Yesterday, CBS News interviewed me about bump fire and full auto rifles. Click here or make the jump to see their finished report. TTAG commentators have raised concerns about our decision to work with CBS on their report. Before I address those “don’t talk to the enemy” complaints, here’s the raw footage of CBS’ interview, shot by Dan on his iPhone . . .
First, let me say I had no illusions going in. As a former CNN editor and producer, I know how the sausage is made. While I never did a story about guns, CNN paid me to create this kind of work.
As a pro-gun rights blogger, I also knew full well that CBS’ finsihed “package” would be sensationalistic. That it would fuel the antis’ desire to ban AR-15 bump stocks and, more globally, private firearms ownership.
So why give CBS grist for their mill?
If you give the average TV news viewer a comprehension test after the 2:00 news report above, you’d be lucky to get a general statement. “Bump stocks are dangerous.” That’d be about it.
That’s because they’re not actively listening to the words spoken or the specific information provided. They’re captivated, you might even say entranced, by the images.
Look at the report’s opening: blurred-out faces of people shooting the bump fire stock-equipped rifles, presumably scraped from YouTube. They must be doing something illegal! Look at the last of the opening examples. The shooter almost loses control of the firearm.
CBS had plenty of high-quality footage of responsible people shooting bump fire-equipped guns safely (including our own Jeremy S). They chose those amateur clips to cast aspersions on both the stock and those who use it.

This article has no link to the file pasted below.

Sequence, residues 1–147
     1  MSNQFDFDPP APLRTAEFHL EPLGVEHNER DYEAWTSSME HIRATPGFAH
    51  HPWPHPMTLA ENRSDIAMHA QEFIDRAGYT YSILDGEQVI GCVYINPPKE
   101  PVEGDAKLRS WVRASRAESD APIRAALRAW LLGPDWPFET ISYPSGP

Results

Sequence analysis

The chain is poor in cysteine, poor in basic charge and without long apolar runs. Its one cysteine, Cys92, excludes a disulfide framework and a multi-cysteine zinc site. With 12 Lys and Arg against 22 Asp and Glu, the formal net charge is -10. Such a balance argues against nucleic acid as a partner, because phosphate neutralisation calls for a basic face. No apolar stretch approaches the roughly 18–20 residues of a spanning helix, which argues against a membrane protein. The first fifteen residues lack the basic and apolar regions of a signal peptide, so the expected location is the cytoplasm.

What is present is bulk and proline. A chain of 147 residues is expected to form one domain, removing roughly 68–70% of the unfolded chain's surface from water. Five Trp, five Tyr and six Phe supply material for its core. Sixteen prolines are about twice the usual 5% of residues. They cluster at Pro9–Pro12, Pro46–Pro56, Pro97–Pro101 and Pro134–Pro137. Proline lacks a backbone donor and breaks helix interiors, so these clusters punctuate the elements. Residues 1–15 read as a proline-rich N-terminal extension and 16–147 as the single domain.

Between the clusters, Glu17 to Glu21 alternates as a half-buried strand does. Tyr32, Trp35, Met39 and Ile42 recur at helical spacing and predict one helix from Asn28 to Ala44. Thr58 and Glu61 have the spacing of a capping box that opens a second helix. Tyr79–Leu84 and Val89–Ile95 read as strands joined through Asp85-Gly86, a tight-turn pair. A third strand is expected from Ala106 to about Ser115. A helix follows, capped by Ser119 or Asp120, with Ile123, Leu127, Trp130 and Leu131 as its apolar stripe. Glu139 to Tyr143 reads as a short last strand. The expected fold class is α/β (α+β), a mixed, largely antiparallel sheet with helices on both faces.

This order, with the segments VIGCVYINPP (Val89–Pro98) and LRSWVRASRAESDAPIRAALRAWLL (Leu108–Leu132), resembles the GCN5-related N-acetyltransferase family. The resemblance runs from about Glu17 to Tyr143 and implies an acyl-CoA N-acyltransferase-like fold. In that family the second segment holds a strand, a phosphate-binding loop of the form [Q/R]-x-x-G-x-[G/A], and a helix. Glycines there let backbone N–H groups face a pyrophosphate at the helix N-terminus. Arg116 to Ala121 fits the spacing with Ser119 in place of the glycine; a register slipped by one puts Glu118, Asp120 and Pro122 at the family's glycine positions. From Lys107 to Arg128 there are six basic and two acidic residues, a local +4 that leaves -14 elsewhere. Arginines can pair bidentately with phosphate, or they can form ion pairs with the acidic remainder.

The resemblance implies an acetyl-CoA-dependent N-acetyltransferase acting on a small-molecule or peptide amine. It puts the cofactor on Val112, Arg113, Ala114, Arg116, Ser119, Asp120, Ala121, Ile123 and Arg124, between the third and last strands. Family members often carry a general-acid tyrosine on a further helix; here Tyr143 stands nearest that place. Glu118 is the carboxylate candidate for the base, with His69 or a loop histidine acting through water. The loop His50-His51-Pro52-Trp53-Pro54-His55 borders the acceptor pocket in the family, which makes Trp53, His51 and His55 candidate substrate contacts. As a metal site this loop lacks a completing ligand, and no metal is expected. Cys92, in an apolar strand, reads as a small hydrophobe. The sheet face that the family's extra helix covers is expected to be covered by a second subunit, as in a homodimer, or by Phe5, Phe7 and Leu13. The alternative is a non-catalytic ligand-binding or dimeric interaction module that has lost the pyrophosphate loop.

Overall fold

Again, this comes no surprise. The more imporant point: TV news is all about tone, not content.
As media scholar Marshall McLuhan taught us, TV is a cool medium. My job during the interview: present the image of a “cool” (i.e. sane) representative of the firearms community. Someone who isn’t a “gun nut.” Someone who speaks calmly and rationally about guns. And . . . that’s about it.
So I dressed well, spoke softly but emphatically, and carried a big stick. I appeared twice in the report, without appearing crazy either time. Mission accomplished.
And yes, I wanted to get TTAG’s name in front of a national audience.
While a comprehension test probably wouldn’t yield a single non-reader who remembered “the truth about guns,” it’s not entirely impossible. As you know, fence-sitters are more than welcome here. And the interview opens the door to other opportunities to spread the message of firearms freedom.
You may still think I should have given CBS a hard pass. If so, please understand that we’re in a culture war. Pro-gun spokesfolk are a target every time they stick their heads above the metaphorical parapet. But bunkering doesn’t accomplish anything.